Former County Council candidate Justin Kennedy: Jon Kaney's Waverly subpoena 'in the trash'

Justin Kennedy of Edgewater, for county council candidate ignores Waverly subpoena / Headline Surfer®Waverly Media park benches at center of county council investigation / Headline Surfer®Jnathan Kaney, Jr, special investigator for County Council on Waverly Media / Headline Surfer®Headline Surfer® photos / Justin Kennedy, 2012 County Council candidate shown at far left, who accepted in-kind advertising from Waverly Media on its popular bus benches, refused to honor a subpoena issued by private attorney Jon Kaney (in the inset) and was a no-show for a deposition Wednesday. Kaney was hired by the County Council to look into Waverly, a move seen by some as politics at its worst.

DAYTONA BEACH -- Volusia County Council special investigator Jonathan Kaney, Jr's subpoena power is being put to the test by a defiant former County Council candidate who said it's not worth the paper it's written on.

"It came in the mail and it may as well have gone in the trash," 2012 district 3 County Council candidate and former Edgewater City Councilman Justin Kennedy told Headline Surfer® this morning, adding he was a no-show for his scheduled deposition Wednesday with Kaney.

"It came in the mail and it may as well have gone in the trash," 2012 district 3 County Council candidate and former Edgewater City Councilman Justin Kennedy told Headline Surfer® this morning, adding he was a no-show for his scheduled deposition Wednesday with Kaney.

"Let Jon Kaney take me to court. If a judge says I have to answer his questions, then I'll deal with it then. I already answered questions of a State Attorney investigator almost a year ago. There's nothing new here. It's just a political witch hunt."

Kennedy, a Democrat, who ran in the non-partisan County Council race, finished a close third in the primary, with former School Board member Deb Denys, a Republican, defeating the primary winner, Democrat Jim Hathaway in the general election.

Denys is among four County Council members who gave Kaney the green light to investigate Waverly Media's contract with the county and to determine the extent of in-kind advertising on its bus benches for County Council candidates in the 2012 elections.

Kennedy said it's obvious Denys, who is seeking re-election in this year's elections, is threatened by his potential candidacy for the seat. "It's all politics and I just don't have time to play these games," said Kennedy, 43, married with five small children, and a small business owner who operates a lawn care service.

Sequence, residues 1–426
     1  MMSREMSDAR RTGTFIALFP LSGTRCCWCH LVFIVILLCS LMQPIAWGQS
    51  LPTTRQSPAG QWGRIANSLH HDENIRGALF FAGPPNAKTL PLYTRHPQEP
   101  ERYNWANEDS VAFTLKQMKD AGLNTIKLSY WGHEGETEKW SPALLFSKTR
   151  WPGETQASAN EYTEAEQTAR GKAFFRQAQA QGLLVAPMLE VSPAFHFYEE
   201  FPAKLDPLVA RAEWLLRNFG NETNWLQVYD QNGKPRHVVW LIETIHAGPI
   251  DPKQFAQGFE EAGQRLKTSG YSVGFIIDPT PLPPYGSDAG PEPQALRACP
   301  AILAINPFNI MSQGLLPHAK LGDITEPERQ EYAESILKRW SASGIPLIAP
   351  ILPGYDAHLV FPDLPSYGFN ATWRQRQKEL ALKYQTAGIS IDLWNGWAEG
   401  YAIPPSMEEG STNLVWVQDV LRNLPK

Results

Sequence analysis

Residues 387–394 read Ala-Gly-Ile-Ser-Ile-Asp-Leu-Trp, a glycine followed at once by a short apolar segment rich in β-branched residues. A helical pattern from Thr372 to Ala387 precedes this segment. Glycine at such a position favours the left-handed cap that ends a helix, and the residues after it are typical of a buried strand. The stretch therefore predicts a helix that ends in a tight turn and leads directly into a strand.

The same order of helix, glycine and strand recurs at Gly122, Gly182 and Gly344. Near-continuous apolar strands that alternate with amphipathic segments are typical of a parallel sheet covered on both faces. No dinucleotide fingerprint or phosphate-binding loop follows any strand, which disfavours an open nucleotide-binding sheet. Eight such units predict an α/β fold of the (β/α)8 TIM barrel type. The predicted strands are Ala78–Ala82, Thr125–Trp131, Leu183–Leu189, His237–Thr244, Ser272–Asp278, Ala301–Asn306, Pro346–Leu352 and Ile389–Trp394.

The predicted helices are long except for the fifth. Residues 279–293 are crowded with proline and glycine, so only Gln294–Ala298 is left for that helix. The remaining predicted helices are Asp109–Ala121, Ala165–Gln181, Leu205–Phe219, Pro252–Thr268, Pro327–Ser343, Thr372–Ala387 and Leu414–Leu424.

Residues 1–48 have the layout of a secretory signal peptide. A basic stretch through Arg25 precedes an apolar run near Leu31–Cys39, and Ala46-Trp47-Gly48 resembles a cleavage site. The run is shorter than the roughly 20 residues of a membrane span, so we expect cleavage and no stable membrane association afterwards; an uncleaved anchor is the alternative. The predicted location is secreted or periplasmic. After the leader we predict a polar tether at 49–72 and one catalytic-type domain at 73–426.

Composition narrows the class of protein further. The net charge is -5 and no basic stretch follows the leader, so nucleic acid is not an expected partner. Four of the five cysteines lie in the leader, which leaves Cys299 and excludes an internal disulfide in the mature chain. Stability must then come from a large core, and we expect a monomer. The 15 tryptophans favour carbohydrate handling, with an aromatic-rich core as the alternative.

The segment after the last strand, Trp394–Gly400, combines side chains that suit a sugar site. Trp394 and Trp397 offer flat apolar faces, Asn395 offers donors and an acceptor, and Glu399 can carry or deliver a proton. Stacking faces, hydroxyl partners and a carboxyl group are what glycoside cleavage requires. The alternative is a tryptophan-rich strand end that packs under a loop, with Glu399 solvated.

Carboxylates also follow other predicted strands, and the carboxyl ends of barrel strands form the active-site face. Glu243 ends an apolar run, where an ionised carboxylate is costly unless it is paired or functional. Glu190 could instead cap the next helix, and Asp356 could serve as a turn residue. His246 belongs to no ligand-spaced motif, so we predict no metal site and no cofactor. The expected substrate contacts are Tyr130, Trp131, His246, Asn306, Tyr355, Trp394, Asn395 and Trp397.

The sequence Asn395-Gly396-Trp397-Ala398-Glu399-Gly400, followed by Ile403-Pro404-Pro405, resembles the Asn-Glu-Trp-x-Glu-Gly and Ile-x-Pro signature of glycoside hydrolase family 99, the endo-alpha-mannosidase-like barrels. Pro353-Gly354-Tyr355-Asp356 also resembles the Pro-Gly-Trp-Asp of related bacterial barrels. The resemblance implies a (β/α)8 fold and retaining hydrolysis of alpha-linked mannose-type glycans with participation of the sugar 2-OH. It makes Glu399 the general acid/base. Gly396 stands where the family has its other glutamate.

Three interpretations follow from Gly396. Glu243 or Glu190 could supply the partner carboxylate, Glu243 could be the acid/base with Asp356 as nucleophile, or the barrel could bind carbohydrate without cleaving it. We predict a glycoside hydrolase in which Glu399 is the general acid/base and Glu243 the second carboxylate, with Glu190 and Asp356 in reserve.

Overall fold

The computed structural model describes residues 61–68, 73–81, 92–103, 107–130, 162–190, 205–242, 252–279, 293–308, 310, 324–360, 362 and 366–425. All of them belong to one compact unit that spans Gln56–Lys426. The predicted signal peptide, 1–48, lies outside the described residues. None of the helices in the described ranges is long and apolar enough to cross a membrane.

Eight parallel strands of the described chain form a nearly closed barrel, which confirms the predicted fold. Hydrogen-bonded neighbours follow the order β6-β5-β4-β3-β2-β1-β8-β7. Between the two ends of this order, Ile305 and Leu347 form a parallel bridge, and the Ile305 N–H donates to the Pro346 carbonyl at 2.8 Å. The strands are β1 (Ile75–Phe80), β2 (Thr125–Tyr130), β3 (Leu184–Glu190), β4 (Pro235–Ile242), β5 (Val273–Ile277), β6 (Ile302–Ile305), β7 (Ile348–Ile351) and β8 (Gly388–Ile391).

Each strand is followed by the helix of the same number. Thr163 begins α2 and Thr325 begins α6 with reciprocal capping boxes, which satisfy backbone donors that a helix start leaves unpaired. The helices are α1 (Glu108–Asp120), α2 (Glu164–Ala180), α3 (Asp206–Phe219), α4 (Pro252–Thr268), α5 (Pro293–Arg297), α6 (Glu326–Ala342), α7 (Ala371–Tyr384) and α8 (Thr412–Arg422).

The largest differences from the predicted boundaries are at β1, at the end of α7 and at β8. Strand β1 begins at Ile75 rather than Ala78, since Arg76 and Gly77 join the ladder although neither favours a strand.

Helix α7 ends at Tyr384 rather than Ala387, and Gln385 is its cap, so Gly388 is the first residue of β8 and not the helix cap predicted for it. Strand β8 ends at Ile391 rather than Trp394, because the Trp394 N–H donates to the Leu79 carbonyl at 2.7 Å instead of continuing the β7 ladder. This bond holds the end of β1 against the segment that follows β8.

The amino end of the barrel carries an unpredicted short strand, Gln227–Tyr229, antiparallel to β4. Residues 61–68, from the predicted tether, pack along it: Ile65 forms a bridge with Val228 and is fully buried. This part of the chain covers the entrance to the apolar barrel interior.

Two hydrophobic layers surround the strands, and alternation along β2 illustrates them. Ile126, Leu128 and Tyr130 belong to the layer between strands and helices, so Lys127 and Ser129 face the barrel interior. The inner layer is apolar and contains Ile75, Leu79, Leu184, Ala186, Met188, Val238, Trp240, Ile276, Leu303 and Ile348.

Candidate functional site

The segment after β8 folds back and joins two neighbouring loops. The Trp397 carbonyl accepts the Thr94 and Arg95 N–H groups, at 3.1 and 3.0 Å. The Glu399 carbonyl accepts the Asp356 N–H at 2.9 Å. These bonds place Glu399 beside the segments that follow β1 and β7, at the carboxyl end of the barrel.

Kennedy added, "The only people who really take the current County Council seriously these days is the News-Journal."

And speaking of Kaney and his appearance before the County Council where he got the green light to pursue the Waverly investigation, Kennedy said it's nothing personal against Kaney, who is "just doing his job, but Kaney said that "whenever there is a clown in the room, you're likely to find a circus."

In this case, Kennedy said there are four such clowns -- naming them as Denys and her County Council colleagues Pat Northey of Deltona, Pat Patterson of DeLand and Doug Daniels of Ormond Beach. These four were the driving force behind the Waverly investigation.

Like Kennedy, at-large County Council member Joyce Cusack of DeLand, also used the words description, "witch hunt" to describe the investigation since Northey, a fellow Democrat who is term-limited from her district 5 seat is challenging her for her seat in 2014.

"She wants to use Waverly to try and make me look bad, but it's not going top work," Cusack said. Joshua Wagner, also a Democrat, and the Daytona representative on the County Council "reluctantly" supported Kaney's investigation because he's caught in a catch-22: He believes politics is the motivating factor, but it's the only way to silence the critics.